I'm an Italian noahide.

I read what Rambam says in Avodat Kochavim 3: 10-11 about the making of images by a Jew.

I also read the following words in a Jewish forum:

“The Torah says, "Don't make a carved statue or the image of anything in the heaven above or the earth below..." This verse prohibits making a three-dimensional image. The Code of Jewish Law codifies this prohibition, and adds that even owning an idol is forbidden. One may neither own, use, nor derive any benefit from an idol whatsoever. One is not even allowed to throw it in the garbage; Rather, one must "throw it into the Dead Sea" or otherwise destroy it. However, most people follow the ruling of the Chochmat Adam. He says that nowadays, it is permitted to own images - even an image of a human being. He explains as follows: The whole reason it was forbidden to own an image was so that nobody would suspect the owner of being a "closet" idol worshipper. But since people generally do not worship idols today, there is no longer any cause for suspicion.”

If I understand correctly, here the Chochmat Adam speaks in terms of the lawfulness of just owning three-dimensional human images. Is it correct or does Rabbi Danzig extend his reasoning also to the lawfulness concerning realization of three-dimensional human images?

2 Answers 2


The Chochmas Odom 85,3 clearly states there is a Prohibition for a Jew to carve images even though they are not for worshipping

כתיב לא תעשון אתי אלהי כסף כו' וקבלו חז"ל דזהו אזהרה שאסור לצייר צורות שבמדור עליון ותחתון ור"ל לא תעשון דמות הצורות שהם אתי במרום ולכן אסור לצייר צורות ד' פנים שבמרכבה וצורות שרפים ומה"ש וכן אסור צורת אדם לבדו ואפי' לגוי או אפי' בשביל כותית אסור לעשות

It is written in the Torah: "do not make with me golden gods..." our Rabbis explained that this a prohibition to carve graven images of heavenly beings or a person, even though one is just selling the sculpture to a gentile (i.e not for worship)

In 85,5 The Chochmas Odom says one cannot even instruct a gentile to make him an image (of heavenly beings or humans). But if one ends up with an image of a human he is not suspect of worshipping it. Of course if he removes an eye or defects the sculpture, he is not suspect of worshipping the statue and can subsequently keep it, as long as it has not been worshipped which is usually the case nowadays:

כשם שאסור לעשותן כך אסור לומר לנכרי לעשותן דאמירה לנכרי שבות בכל המצות ואפי' להשהותן אסור משום חשד (ש"ך ס"ק כ"ג) ונ"ל דצורת אדם בזמה"ז מותר לשהותן דכיון דאינו אלא משום חשד וידוע דבזמה"ז אין עובדין לצורת אדם ואותו שנעבד עושין אותו משונה וכן מתלמידיו העבדים יש בכל א' מהן סימן ואלו ודאי אסור להשהותן אבל שאר צורת אדם ומכ"ש אם סימא עיניו וכיוצא בו דאין בו משום חשד

  • @amos is this the answer you were researching?
    – user15464
    Mar 12, 2020 at 20:35

My rabbi bought a bronze statue of the famed Greek pagan philosopher Aristotle. He did not make any defects in the statue and it is likely that a gentile crafted it. He does not consider it an idol despite what Maimonides says. He bought the statue because Aristotle is one of his favorite philosophers, as well as a rationalist. Aristotle taught Alexander the Great and later Maimonides who inspired many. Maimonides would later teach Jews Greek truths.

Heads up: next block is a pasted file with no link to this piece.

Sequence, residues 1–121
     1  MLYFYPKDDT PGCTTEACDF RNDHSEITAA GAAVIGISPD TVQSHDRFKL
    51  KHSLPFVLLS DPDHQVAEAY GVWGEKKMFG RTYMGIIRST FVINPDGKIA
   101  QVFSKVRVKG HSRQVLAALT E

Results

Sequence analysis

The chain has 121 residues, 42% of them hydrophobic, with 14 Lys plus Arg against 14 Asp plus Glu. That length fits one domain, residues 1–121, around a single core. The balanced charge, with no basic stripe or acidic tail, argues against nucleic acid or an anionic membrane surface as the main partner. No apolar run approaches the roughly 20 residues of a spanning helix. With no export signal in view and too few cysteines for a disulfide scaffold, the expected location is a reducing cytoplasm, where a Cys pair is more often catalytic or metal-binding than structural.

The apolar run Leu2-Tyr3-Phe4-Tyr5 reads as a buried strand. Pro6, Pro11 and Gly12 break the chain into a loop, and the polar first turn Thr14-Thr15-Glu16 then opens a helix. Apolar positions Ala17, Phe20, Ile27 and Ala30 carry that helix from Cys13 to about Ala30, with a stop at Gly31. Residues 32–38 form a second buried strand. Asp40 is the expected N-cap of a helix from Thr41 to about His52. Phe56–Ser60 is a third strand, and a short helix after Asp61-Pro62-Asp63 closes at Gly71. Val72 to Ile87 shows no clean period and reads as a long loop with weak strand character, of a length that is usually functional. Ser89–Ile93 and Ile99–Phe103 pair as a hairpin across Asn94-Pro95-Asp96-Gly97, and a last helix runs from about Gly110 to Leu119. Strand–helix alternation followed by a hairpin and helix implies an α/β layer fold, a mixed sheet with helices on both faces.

True, the Torah verse 16:22 prohibits the use of pillars "that the L-rd your G-d hates," and 12:3, "You must break down their [Canaanites] altars and break their pillars." However, Exodus 24:4 informs us that Moses wrote the words of G-d at Mount Sinai "and rose up early in the morning and built an altar under the mountain and twelve pillars equaling the number of the twelve Israelite tribes." The patriarchs also built pillars in Genesis. Is there a contradiction in the Bible?

Actually, the Bible is only prohibiting the use of pillar associated with idolatry (ibn Ezra). Rashi ignores Moses' acts when he relies on Midrash Sifrei, "although he loved them [the pillars] during the day of the patriarchs, he hates them now because these [the Canaanites] used them for their idol worship practice." Rashi opines that verse 16:22 bans all pillars even though the plain reading of the text shows that G-d banned only pillars "the L-rd your G-d hates." G-d does not dislike statues.

But isn't this a violation of the Decalogue which states: “Thou shalt not make unto thee a graven image, nor any manner of likeness”? Yes, it is. But my rabbi explained that most, if not all the biblical commands were changed. for example, contrary to the second prohibition, all rabbis allow making and owning pictures and statutes. Be it as it may, many ancient synagogues had statues like modern cathedrals today. In fact, Rabbi Marc Shapiro claims that ancient talmudic books had an image of G-d depicted as a man — G-d forbid.

In respect to statues of humans, I agree with my orthodox rabbi and think the Chochmat Adam is correct to say that Jews do not worship idols today so we need not worry.

  • How does this answer the question asked?
    – Joel K
    Feb 18, 2020 at 4:42
  • 3
    Statues are not a violation of the Decalogue unless they are worshipped. It is a violation of a different mitzvah for a Jew to make a statue. Before you say the halachic system is wrong, you should understand that system.
    – Heshy
    Feb 18, 2020 at 13:23
  • @Heshy I didn't say it, my rabbi did. Furthermore, my rabbi claims that most, if not all of the biblical laws were changed by the rabbis.
    – Jonathan
    Feb 18, 2020 at 16:36

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